Chicago, Suburban Mayors Call for Hike That Could Make Illinois’ Gas Tax Highest in Nation

Rahm Emanuel / Getty Images
Rahm Emanuel / Getty Images

Suburban mayors joined Chicago Mayor Rahm Emanuel to ask Illinois lawmakers to raise the state's gas tax by 20 to 30 cents a gallon, a proposal that could make Illinois' motor fuel tax the highest in the nation and ensure that per gallon taxes increase yearly with the rate of inflation.

Outgoing mayor Emanuel joined other mayors from suburban Chicago on Tuesday to push the General Assembly should pass a gas tax hike in January. He said the costs and use of roads have increased while funding to maintain them has been stagnant.

"We’re calling on the lawmakers, when they convene starting in January, to start to work on a number of issues that have not been addressed over the years, calling for an increase to the gas tax by 20 to 30 cents," he said. "If you took the low range of the 20 to 30 cents that we're talking about, the 20 cents would reflect just inflation."

The money, Emanuel said, should go to fund a new infrastructure bill. Gov.-elect J.B. Pritzker has said the state needs a new transportation funding bill.

"We’ve talked about all of the options that are available to us and haven’t eliminated any of those options at the moment," Pritzker said Monday in Springfield.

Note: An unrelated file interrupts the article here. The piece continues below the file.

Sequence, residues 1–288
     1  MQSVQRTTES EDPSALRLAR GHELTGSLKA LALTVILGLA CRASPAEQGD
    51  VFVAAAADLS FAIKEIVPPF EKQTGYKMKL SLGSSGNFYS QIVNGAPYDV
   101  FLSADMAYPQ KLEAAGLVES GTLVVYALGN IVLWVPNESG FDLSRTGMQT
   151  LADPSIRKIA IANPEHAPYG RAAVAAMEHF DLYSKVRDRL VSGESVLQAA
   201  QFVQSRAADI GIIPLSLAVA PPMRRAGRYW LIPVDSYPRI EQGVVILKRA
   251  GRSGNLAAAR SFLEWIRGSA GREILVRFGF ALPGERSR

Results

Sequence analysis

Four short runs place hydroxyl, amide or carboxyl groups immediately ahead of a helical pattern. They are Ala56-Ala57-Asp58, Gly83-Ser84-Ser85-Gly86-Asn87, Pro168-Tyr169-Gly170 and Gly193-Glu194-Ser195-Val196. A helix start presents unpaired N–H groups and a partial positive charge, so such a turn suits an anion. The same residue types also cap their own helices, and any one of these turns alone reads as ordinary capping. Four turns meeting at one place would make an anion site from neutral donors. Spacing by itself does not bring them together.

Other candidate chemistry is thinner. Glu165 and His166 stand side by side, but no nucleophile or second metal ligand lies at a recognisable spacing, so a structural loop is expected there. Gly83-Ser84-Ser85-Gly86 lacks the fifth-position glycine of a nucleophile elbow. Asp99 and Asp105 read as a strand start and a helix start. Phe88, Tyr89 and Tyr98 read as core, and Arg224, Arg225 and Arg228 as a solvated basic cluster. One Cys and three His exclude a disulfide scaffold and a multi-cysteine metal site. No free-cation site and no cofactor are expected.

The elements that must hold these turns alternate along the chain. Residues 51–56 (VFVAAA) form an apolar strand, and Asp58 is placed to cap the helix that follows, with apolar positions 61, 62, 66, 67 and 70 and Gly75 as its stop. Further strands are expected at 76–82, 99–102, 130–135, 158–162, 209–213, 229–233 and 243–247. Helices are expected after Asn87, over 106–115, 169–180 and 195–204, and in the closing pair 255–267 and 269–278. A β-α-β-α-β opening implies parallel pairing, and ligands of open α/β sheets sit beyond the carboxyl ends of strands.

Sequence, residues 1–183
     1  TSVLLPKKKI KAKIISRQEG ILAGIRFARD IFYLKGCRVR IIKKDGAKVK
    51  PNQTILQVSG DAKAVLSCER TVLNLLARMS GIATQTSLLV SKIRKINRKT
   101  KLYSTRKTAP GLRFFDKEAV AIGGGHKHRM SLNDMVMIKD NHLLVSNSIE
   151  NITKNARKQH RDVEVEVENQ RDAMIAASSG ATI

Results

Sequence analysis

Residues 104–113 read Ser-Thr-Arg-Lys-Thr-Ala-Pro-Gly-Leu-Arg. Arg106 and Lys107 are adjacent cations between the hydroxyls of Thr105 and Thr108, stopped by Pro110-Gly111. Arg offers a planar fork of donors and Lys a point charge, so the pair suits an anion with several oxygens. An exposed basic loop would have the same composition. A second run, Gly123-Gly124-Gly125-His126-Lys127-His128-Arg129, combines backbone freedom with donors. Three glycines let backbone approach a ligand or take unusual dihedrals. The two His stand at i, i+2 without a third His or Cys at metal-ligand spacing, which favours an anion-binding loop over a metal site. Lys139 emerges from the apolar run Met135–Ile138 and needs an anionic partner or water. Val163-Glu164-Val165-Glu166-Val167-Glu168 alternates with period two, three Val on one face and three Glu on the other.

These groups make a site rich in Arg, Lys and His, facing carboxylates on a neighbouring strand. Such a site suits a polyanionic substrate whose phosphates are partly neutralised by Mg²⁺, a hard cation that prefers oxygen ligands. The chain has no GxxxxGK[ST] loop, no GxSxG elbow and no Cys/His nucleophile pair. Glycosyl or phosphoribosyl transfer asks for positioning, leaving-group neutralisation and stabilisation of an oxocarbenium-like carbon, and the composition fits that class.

Illinois has the 10th highest gas taxes in the nation, according to the nonprofit Tax Foundation. A 30-cent hike would make Illinois’ total gas taxes the highest in the nation. Illinois’ total average tax burden on a gallon of fuel is 37.32 cents, according to figures from the American Petroleum Institute. At the proposed 67.32 cents per gallon, Illinois' taxes would be higher than Pennsylvania’s average of 58.7 cents per gallon, the highest rate in the nation.

Another cost included in each gallon of fuel sold in Illinois is the state's sales tax. Illinois is one of seven states that charge sales taxes on fuel. The others are California, Connecticut, Georgia, Indiana, Michigan and New York.

Rural residents – who often drive further to work and shop, tend to use larger vehicles and earn less money – are often hit harder by higher taxes on motor fuel, according to a 2015 report from the Fielding School of Public Health at the University of California Los Angeles.

"Where urban drivers have many ways to avoid the heaviest blows of a gas-tax increase, rural voters must take the full brunt," the report said. "They can’t go out and buy a new, more efficient vehicle, and they can’t switch to other modes like biking or walking or transit. Asking them to cut back on trips is like asking them to engage in social isolation."

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